9. Applying automatic exposure adjustments
      6m 6s
    10. Exposure warnings
      5m 44s
    11. Clarity, Vibrance, and Saturation
      4m 47s
    12. Using the Graduated Filter tool
      3m 33s
    13. Dodging with the Adjustment brush
      9m 24s
    14. Tone Curve adjustments
      6m 54s
    15. Using the Spot Removal tool
      2m 48s
    16. Removing noise and sharpening detail
      4m 5s
    17. Adjusting HSL values
      4m 18s
    18. Adjusting luminance, color by color
      4m 14s
    19. Black and white and split toning
      5m 16s
    20. Camera Raw tips and tricks
      7m 32s
    21. Correcting JPEG and TIFF images
      4m 42s
  12. 57s
    1. Until next time
      57s

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Photoshop CS4 One-on-One: Advanced
20h 57m Intermediate May 01, 2009

Viewers: in countries Watching now:

Photoshop is one of the world’s most powerful image editors, and it can be daunting to try to use skillfully. Photoshop CS4 One-on-One: Advanced, the second part of the popular and comprehensive series, follows internationally renowned Photoshop guru Deke McClelland as he dives into the workings of Photoshop. He explores such digital-age wonders as the Levels and Curves commands, edge-detection filters, advanced compositing techniques, vector-based text, the Liquify filter, and Camera Raw. Deke also teaches tried-and-true methods for sharpening details, smoothing over wrinkles and imperfections, and enhancing colors without harming the original image. Exercise files accompany the course.

Recommended prerequisite: Photoshop CS4 One-on-One: Fundamentals.

Download Deke's customized keyboard layouts and color settings for Photoshop from the Exercise Files tab.

Topics include:
  • Using blend modes, adjustment layers, and layer styles
  • Organizing a layered composition so it is fluid and editable
  • Creating and editing type in Photoshop
  • Using blur effectively
  • Using adjustment layers to add color
  • Combining layers into a clipping mask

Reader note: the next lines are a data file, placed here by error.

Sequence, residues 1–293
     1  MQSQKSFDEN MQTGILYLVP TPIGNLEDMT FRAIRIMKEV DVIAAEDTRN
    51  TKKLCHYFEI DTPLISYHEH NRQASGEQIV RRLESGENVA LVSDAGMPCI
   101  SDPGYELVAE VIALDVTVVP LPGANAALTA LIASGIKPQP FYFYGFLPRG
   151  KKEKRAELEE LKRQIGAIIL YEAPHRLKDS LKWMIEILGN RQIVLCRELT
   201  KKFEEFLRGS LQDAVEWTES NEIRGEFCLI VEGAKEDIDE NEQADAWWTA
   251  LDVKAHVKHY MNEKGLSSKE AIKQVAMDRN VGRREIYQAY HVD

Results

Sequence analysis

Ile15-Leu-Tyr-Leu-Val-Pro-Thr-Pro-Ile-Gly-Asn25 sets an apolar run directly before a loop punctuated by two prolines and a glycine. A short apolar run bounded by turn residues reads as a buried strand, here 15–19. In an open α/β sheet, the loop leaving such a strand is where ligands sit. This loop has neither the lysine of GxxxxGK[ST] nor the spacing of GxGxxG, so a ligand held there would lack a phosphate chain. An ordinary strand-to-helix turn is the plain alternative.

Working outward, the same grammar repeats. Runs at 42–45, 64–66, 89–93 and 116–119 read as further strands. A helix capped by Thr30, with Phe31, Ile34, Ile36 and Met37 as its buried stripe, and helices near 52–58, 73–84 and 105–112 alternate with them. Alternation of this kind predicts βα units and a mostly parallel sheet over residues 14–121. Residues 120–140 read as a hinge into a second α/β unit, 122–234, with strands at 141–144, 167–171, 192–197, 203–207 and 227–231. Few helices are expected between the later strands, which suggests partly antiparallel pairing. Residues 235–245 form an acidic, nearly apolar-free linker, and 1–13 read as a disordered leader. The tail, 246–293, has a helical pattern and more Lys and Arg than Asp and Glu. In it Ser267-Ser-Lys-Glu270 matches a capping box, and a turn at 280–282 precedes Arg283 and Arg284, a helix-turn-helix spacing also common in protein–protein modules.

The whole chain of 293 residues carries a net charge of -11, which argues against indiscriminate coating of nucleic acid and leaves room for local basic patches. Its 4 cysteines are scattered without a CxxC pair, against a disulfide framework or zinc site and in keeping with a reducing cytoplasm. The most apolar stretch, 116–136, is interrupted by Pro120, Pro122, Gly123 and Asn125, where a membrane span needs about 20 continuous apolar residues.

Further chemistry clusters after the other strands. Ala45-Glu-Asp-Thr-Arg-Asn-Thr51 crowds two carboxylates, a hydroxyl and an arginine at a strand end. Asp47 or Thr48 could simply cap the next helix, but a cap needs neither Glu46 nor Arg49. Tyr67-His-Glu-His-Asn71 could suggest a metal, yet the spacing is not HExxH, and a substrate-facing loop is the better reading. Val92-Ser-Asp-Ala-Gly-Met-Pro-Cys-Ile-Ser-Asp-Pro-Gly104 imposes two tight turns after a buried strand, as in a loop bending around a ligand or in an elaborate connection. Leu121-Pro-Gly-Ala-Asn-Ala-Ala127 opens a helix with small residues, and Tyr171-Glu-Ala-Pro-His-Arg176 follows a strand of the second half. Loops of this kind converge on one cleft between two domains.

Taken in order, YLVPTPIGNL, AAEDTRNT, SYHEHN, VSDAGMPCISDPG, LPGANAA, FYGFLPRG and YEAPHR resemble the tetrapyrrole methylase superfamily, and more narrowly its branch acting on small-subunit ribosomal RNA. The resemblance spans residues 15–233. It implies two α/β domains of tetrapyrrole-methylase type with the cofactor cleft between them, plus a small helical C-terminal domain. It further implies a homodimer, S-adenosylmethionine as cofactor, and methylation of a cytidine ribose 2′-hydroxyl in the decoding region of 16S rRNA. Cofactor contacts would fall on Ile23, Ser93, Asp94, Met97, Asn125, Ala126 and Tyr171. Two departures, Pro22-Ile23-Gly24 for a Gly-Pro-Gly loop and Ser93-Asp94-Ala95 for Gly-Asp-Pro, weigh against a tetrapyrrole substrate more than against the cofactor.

• Working with Camera Raw
Subjects:
Design Photography
Software:
Photoshop
Author:
Deke McClelland

Diffusing focus with Blur and Overlay

I am still looking at the Natasha.psd file and all we have done to this file is to walk through the layers in this fairly complex composition here and then merge all of the layers on to a single layer at top using Command+Shift+Option+E on the Mac or Ctrl+Shift+Alt+E here on the PC. Now this is a static layer of course, it exactly matches everything below it. So if I were to turn off this eyeball here, we would not see any sort of transformation inside of the image window because it's pixel for pixel identical to the flattened version of the composition below it. But it's also static.

So any modifications I'll make to it if I then turn around and change the layers below it, I would have to re- manufacture this layer. Now if you want something that's more forgiving and more dynamic, then you would want to go ahead and grab all of these layers here, click on one, Shift+Click on another in order to select them all like so and combine them into a smart object. We will be looking at smart objects in the future chapters, just that smart objects are one of the most complicated features inside of Photoshop. So we are going to save them for later. Right now, let's go with the static effect, it is the easier effect to wrap your mind around and to maintain, maintaining smart objects takes a little bit of effort. But we have got the static layer there, great.